Some good points, Ibrahim. However, the launching of qassams emerges, I gather, from much the same kind of ersatz 'reasoning' that motivates Israeli attacks on Palestinians - that if caused enough suffering, they will pressure 'their' 'government' to desist from whatever offensive conduct they engage in. Experience, if nothing else, shows this to be politicaly foolhardy for the Palestinians, but you can hardly fault them for wishing to respond in some way. Gabriel Ash over at Jews sans frontieres ( writes of the doctrine in international customary law of 'belligerent reprisal', which countenances tit for tat attacks on civilians, bearing mind that a siege is an act of war, apart from anything else. Still, I agree, the tactic is entirely counterproductive.

I think you will find if you consult the Genocide Convention that Israel's actions in Gaza over the past several days, and more generally, comfortably fit the definition provided there. I find the argument about whether it is or is not appropriate to characterise Israeli actions as comparable to Nazi actions tedious. At one level, I would say that if Israel is so sensitive about such comparisons, they should eschew activities that explicitly echo pre Final Solution Nazi antisemitism. Forcing a Palestinian violinist to perform at a checkpoint for the entertainment of his oppressors is one such example. And the siege of Gaza inevitably evokes the Warsaw Ghetto. That said, and much more importantly, we need to ask whether making such comparisons explicit advances the struggle. In my view, most of the time, however apropos, it does not.

British Babe said...

Why have you mentioned only the missile attacks organised by Hamas?

You have utterly ignored the suicide bombings that for eight long years, Israeli civilians have suffered courtesy of Hamas.

Israel has not gone into Gaza simply because of Sderot and the rockets, though of course, this is part of the reason. Israel has gone into Gaza because of the hundreds and hundreds of dead Israeli innocents who lost their lives at the hands of this terrorist organisation.

And in addition, it has now transpired that Hamas has missiles from Iran - already they have reached as far as Beersheba. Across Tel Aviv, people are readying their bomb shelters. Ashkelon has already been hit.

As for your comments on why Israel left Gaza: she never particularly wanted to be there to start with. The fact of the matter is that nobody wants Gaza. Why hasn't Egypt opened its border? Remember, also, that pre 1967, Egypt herself occupied Gaza - and she mined the borders, thus trapping the Palestinians there.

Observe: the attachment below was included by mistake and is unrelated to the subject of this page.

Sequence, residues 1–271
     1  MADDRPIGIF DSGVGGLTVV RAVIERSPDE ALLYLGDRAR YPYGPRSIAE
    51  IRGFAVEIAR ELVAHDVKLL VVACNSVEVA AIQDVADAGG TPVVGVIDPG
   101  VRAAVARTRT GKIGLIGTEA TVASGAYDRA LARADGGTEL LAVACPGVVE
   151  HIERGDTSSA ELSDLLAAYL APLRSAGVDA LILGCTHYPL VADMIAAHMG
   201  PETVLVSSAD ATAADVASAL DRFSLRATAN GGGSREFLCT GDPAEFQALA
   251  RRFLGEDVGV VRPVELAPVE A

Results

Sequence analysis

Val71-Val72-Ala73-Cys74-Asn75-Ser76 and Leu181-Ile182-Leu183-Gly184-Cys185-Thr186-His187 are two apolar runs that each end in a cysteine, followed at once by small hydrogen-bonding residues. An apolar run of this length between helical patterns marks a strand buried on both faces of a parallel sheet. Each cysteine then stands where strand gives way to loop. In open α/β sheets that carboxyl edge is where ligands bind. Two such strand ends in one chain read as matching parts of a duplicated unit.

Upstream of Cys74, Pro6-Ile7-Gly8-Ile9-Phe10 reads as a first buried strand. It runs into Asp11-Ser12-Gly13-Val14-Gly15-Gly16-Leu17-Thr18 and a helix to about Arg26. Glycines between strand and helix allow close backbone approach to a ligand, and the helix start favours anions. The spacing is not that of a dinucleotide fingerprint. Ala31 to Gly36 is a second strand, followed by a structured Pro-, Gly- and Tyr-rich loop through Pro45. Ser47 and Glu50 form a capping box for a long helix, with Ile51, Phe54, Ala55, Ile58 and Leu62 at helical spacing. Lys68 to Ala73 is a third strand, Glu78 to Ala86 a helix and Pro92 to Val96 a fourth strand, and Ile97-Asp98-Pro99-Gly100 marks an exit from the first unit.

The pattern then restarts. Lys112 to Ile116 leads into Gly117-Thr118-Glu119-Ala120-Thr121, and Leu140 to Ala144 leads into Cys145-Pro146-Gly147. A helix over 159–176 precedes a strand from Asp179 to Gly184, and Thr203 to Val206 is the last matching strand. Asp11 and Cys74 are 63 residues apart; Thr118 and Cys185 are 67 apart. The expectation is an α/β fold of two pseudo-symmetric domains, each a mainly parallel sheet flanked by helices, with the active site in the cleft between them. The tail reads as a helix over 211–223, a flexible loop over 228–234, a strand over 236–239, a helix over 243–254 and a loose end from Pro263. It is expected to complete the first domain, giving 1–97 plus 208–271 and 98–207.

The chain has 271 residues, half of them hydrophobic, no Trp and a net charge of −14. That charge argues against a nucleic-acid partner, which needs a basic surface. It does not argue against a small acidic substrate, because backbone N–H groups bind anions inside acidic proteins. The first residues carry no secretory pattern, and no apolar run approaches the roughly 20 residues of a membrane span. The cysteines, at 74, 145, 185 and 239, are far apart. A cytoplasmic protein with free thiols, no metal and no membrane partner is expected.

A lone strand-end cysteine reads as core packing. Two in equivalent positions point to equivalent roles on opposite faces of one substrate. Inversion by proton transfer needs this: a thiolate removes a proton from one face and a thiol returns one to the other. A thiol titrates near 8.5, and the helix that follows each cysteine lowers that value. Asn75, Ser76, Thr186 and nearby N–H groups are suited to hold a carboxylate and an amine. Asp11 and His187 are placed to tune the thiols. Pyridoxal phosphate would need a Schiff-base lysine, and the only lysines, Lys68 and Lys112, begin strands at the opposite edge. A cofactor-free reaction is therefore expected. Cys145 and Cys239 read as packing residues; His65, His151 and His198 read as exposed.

The world did not issue so much as a murmur of protest.

The Palestinians keep saying they want their own state. That is understandable. Yet, at the same time, they expect Israel to continue giving them free water, fuel and electricity.

Israel must be the only country on earth who, when attacked for years, is expected firstly to ignore said attacks and not try and go after the terrorists and secondly, to continue feeding and helping the very people who ELECTED THE TERRORISTS TO START WITH!

Have you read the Hamas Charter? I think it's amazing that Israel waited this long before going in, frankly.

Anonymous said...

Hey Tabatha:

If Barak really offered 97% of the West Bank, how come he did nothing to halt new settlers from moving in?

Ibrahim Ibn Yusuf said...


First, a small correction:

Yet, at the same time, they expect Israel to continue giving them free water, fuel and electricity.

Israel does not provide those goods and services for free. Israel sells them to the Palestinian Authority, which pays for them with money donated by the European Union, among others. Israel's trade surplus with the PA is in the order of 1.3-1.5 billion dollars.

With regard to Camp David and Taba, see here.

And with regard to Hamas' charter, you've given me an idea for a new post. I'll publish it tomorrow.

Ernie Halfdram said...


The irony of water is that much of Israel’s water supply is sourced from the West Bank aquifers, which Israel is very keen to annex in any eventual repartition of historic Palestine, and then sold back to Palestinians, whose wells settlers have poisoned and filled.


I think it’s traditional in blog comment threads, as in many forms of human discourse, to address yourself to what your interlocutors actually say. In this case, what I said was, '...if Israel is so sensitive about such comparisons, they should eschew activities that explicitly echo pre Final Solution Nazi antisemitism' [emphasis added, if my tags worked]. Try googling Yosef Lapid and see what he had to say about the matter.

I don’t ordinarily respond to hasbara crazed fanatics, but just for the record, the UN, which in my view has been altogether too kind to Israel ever since the GA admitted Israel to membership, explicitly accepting its excuses for refusing to implement Resolutions 181 and 194, estimated that AT LEAST 25% of the dead were civilians, emphasising that they were only counting women and children as civilians. I’m intending to write something about these noncombatant issues on my own blog as soon as I get around to it.

As Ibrahim points out in the post he links to, it was Israel who walked away from Taba. More to the point, Israel has decidedly NOT ‘offered the Palestinians all they have demanded’. Just for starters, it has always refused the right of return, the most fundamental Palestinian demand. Nor, in the context of a two state ‘solution’, has it ever addressed the issue of a secure corridor between the West Bank and Gaza, which is one of the reasons there has never been a realistic possibility of a really viable Palestinian state. In any case, it’s entirely disingenuous to write of Israel ‘offering’ anything when everything they have to offer belonged to the Palestinians in the first place. ‘Land for peace’ is just a slogan to snare the unwary – it’s up to the aggressor to offer peace.

Medicine said...

Experience, if nothing else, shows this to be politicaly foolhardy for the Palestinians, but you can hardly fault them for wishing to respond in some way.